End-of-life care is often hampered by physicians’ lack of knowledge of patient preferences. Fear of death can cause patients and their families to avoid discussing a person’s priorities and wishes; doctors, without this knowledge, may focus on providing all possible care—including treatments that the patient may not want; this “discordant care” can negatively affect their quality of life, cause them to endure pain, or cause them to die in an unwanted location. A study led by David Glass, PhD, a KPSOM lecturer in Health Systems Sciences and a research scientist with Kaiser Permanente Southern California Department of Research and Evaluation, and co-authored by Dr. Michael Kanter, KSPOM Chair of Clinical Science, showed that in cases where patients made their wishes known to loved ones, those wishes were satisfactorily carried out by physicians 90 percent of the time.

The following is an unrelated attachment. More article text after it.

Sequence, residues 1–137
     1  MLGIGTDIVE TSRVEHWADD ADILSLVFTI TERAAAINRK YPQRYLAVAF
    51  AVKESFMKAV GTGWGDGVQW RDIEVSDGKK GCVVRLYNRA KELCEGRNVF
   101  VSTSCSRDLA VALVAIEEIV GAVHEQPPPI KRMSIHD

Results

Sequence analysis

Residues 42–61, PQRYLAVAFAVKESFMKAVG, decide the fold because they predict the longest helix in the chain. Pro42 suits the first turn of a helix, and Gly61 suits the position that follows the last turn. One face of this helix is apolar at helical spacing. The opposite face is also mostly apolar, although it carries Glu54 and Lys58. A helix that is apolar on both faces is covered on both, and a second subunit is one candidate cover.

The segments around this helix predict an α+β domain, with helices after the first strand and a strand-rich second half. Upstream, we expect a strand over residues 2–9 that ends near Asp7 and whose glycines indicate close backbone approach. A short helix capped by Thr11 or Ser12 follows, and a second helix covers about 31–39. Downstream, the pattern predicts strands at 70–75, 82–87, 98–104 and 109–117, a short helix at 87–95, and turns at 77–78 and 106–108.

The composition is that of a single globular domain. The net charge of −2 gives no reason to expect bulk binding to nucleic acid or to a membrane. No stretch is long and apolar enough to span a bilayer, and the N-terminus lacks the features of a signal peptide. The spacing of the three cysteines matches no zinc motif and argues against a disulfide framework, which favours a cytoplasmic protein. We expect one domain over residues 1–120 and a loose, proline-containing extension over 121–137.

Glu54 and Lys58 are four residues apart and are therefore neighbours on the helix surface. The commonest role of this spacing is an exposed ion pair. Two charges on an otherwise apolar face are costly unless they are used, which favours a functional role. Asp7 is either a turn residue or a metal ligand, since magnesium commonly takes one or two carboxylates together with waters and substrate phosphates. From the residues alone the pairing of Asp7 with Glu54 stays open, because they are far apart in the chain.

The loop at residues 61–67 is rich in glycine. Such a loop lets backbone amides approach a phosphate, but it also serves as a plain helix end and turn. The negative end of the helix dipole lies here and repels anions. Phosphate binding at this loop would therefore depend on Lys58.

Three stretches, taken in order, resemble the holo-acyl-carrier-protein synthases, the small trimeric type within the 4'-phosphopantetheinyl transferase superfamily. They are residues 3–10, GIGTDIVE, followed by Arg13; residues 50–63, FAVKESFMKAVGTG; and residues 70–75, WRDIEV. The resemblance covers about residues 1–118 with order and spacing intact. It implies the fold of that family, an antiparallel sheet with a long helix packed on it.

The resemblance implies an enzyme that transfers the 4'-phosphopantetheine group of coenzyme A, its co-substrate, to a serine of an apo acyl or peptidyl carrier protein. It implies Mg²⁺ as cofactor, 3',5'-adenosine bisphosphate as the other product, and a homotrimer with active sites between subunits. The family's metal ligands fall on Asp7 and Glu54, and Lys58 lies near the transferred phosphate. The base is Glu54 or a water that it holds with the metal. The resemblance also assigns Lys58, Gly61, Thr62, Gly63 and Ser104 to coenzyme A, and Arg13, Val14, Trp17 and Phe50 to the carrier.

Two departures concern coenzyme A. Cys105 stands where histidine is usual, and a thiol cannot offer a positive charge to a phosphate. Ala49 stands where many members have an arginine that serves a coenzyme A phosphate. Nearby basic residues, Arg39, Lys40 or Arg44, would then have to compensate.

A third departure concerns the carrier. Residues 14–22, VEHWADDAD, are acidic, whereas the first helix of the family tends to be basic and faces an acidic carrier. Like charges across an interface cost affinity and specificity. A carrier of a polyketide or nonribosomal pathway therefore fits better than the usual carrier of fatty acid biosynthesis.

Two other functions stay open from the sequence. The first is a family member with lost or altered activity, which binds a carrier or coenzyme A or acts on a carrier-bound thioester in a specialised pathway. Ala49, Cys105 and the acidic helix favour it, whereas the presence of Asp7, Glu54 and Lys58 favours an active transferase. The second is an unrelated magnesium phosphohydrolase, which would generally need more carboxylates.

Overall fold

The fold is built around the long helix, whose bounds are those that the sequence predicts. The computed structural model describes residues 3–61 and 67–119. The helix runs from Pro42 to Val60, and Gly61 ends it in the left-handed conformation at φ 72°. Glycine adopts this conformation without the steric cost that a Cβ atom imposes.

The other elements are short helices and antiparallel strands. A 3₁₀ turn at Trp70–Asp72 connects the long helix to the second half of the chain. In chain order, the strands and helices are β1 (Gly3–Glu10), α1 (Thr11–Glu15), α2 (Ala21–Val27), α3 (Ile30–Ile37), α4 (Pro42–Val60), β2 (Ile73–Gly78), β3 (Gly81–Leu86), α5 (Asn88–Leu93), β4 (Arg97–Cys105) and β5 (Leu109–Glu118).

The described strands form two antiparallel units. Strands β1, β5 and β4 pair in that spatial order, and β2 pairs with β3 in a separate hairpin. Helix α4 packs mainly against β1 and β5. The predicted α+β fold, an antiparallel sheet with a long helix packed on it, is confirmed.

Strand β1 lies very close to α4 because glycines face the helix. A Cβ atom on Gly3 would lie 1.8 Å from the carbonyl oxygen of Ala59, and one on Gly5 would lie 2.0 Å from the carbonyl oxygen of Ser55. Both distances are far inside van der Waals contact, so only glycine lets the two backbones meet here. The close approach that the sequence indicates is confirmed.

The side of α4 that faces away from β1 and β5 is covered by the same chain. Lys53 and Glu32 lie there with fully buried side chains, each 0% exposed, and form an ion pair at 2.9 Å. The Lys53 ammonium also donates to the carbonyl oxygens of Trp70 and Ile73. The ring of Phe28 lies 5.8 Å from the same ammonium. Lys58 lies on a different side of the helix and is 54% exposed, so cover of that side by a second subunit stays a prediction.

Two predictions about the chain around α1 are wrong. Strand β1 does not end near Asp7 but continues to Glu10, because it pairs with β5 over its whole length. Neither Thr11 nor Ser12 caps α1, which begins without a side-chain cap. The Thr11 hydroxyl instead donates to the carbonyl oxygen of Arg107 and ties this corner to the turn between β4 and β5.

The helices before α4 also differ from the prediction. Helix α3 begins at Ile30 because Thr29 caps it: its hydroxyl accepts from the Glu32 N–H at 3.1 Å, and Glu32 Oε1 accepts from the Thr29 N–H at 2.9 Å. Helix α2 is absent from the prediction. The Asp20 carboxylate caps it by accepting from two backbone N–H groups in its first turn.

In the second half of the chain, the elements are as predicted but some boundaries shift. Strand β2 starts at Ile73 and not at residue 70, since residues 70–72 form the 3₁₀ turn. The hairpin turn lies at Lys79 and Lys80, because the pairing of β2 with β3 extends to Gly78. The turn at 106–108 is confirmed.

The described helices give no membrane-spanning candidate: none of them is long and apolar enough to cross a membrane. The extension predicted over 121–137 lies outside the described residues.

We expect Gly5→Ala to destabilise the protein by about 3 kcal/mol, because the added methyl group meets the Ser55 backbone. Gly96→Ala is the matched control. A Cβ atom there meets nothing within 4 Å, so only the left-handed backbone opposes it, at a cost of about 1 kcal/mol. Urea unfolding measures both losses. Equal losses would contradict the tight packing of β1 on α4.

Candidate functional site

From JAMA Network:
The challenges of end-of-life care
When doctors know a patient’s preferences, they can honor their wishes with the appropriate treatment, study shows